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Peter Handke Notebooks. Digital Edition

Hosting organisations
Österreichische Nationalbibliothek - Literaturarchiv, Deutsches Literaturarchiv Marbach (DLA), and Österreichische Nationalbibliothek - Abt. für Forschung u. Entwicklung
Responsible persons
Max Kaiser, Bernhard Fetz, and Ulrich von Bülow

The notebooks of Peter Handke represent an important but so far unpublished part of his work. They do not only provide insights into the author’s writing methods, but also allow to follow the development of his poetics. At present, 75 notebooks from 1971 to 1990 with a total of 10.900 tightly written pages are accessible to researchers in the German Literature Archive Marbach and the Literary Archive of the Austrian National Library in Vienna. The notebooks are not only Handke’s most important working materials, by means of which he prepares his works, develops his poetics, notes readings, and logs travels. In 1976, he additionally began his daily log recording all kinds of impressions. His unceasing daily note-taking, together with many drawings, make the notebooks unique documents and an indispensable resource for Handke researchers. In this digital edition, 22 notebooks written from 1976 to 1979 will be published. They document Handke’s first practice in journal writing but also the development of his film narrative “The Left-Handed Woman” and the large work complex “Slow Homecoming”.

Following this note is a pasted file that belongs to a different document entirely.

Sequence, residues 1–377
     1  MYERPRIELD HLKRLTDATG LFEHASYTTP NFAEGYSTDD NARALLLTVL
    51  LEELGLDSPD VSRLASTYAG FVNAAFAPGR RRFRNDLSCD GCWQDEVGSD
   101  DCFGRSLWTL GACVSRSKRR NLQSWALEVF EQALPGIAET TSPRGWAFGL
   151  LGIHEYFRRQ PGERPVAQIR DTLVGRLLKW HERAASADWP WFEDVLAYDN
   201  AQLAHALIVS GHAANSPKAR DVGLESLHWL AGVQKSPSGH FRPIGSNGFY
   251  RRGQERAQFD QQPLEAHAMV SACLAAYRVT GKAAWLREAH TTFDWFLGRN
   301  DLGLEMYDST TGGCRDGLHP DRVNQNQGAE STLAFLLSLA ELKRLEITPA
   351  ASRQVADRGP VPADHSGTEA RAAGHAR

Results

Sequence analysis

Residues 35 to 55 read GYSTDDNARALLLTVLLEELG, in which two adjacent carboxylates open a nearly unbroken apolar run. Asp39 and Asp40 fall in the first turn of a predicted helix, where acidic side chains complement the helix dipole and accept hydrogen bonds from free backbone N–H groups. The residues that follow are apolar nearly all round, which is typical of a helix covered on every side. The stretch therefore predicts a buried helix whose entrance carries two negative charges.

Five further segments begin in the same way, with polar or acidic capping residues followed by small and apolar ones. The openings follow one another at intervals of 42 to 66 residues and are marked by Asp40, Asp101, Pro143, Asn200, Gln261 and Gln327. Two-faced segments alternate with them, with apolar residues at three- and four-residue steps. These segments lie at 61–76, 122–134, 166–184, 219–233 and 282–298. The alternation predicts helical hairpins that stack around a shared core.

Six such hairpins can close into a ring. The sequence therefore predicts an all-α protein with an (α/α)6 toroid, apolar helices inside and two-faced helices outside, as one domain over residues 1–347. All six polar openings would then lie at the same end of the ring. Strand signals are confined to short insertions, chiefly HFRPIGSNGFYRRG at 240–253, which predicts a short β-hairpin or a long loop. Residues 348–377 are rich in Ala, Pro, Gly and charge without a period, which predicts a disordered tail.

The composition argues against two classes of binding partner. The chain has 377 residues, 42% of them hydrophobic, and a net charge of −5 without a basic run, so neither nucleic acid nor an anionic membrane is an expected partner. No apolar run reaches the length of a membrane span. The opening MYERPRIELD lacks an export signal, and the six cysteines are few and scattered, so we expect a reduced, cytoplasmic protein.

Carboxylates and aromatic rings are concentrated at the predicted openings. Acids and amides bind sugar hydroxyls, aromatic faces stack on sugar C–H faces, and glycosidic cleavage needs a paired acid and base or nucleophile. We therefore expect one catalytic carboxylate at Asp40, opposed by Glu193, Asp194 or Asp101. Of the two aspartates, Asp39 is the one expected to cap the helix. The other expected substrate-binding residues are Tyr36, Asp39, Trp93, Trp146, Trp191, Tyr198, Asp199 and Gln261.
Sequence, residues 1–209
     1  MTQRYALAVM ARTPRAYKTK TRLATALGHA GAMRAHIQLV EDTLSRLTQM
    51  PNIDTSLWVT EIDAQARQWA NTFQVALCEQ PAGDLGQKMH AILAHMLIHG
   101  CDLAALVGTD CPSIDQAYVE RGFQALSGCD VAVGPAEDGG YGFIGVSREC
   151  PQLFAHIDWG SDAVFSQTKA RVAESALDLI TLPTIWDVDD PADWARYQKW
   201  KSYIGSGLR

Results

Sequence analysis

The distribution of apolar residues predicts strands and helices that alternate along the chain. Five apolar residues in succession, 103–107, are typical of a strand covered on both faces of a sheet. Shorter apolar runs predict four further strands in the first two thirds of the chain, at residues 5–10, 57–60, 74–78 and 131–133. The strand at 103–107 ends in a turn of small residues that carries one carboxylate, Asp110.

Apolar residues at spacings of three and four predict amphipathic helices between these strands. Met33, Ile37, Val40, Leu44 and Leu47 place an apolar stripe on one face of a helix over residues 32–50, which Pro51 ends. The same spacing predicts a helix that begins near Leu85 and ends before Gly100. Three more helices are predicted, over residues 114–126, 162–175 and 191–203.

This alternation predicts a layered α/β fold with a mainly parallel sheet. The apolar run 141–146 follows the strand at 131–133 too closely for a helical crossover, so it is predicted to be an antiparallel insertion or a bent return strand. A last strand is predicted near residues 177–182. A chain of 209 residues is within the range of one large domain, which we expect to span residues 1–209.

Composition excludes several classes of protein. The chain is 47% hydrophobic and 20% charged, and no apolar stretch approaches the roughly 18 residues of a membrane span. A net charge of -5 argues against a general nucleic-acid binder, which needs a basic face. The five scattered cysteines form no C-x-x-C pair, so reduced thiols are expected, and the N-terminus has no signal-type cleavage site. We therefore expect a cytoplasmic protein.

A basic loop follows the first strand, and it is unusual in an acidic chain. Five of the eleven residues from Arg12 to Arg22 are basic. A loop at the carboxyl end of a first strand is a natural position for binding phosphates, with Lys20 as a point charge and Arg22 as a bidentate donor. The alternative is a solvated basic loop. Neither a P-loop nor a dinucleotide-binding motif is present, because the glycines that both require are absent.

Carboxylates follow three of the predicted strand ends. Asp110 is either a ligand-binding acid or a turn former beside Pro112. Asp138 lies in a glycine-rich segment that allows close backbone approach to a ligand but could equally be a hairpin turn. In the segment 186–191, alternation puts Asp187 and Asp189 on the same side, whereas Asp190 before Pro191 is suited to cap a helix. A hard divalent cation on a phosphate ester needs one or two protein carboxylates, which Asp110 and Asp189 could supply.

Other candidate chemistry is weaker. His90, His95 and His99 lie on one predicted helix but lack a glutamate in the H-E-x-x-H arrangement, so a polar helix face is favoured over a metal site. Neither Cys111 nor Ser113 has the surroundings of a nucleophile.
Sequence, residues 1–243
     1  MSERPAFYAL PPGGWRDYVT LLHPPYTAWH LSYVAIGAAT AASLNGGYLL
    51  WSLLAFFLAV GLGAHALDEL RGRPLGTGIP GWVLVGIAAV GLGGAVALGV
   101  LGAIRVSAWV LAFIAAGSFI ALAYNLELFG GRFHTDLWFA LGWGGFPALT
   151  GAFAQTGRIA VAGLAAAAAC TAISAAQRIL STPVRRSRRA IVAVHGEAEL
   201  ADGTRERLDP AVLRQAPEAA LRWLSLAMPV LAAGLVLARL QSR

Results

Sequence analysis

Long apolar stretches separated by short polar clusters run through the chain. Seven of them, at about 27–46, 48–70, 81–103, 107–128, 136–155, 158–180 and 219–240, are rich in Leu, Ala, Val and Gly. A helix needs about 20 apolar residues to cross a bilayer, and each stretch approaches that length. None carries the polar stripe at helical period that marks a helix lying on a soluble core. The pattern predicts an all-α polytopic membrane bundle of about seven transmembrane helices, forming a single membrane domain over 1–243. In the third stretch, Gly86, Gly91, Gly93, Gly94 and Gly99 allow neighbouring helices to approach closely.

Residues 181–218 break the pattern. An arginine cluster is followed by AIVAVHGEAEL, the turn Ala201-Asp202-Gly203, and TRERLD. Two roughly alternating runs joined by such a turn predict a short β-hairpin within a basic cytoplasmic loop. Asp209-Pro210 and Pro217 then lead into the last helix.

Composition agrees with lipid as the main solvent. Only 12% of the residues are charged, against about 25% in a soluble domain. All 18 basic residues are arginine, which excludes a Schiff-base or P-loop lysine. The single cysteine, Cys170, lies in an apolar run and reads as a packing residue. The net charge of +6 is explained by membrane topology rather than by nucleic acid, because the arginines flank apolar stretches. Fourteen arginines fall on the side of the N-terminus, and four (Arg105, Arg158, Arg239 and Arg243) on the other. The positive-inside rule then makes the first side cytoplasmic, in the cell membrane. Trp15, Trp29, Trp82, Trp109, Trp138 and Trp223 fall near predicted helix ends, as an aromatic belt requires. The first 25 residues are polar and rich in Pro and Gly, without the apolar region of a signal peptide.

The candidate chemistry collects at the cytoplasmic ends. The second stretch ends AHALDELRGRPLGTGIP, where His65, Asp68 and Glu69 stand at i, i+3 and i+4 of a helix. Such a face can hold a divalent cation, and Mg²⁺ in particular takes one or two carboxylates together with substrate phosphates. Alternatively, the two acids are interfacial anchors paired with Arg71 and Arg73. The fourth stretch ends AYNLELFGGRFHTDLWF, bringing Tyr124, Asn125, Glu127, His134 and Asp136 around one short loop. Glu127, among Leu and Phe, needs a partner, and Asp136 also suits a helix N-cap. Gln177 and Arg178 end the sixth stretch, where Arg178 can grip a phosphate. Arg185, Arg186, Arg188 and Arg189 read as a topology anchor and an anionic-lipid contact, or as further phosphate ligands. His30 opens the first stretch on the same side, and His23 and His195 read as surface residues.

The project is implemented in the Sustainable infrastructure for digital editions at the Austrian National Library. The team applies current standards for digital editing (XML/TEI), works with appropriate technologies (Transkribus, Oxygen, GitLab) and enriches the material using external data sources (GND, VIAF, Wikidata). The resulting edition will not only be accessible in a user-friendly web interface in which a number of indices and adequate annotation will facilitate navigation and comprehension. In addition, all research data will be archived in a long-term repository and openly provided for reuse.

The cooperation project is jointly funded by the Austrian Science Fund (FWF) and the German Research Foundation (DFG).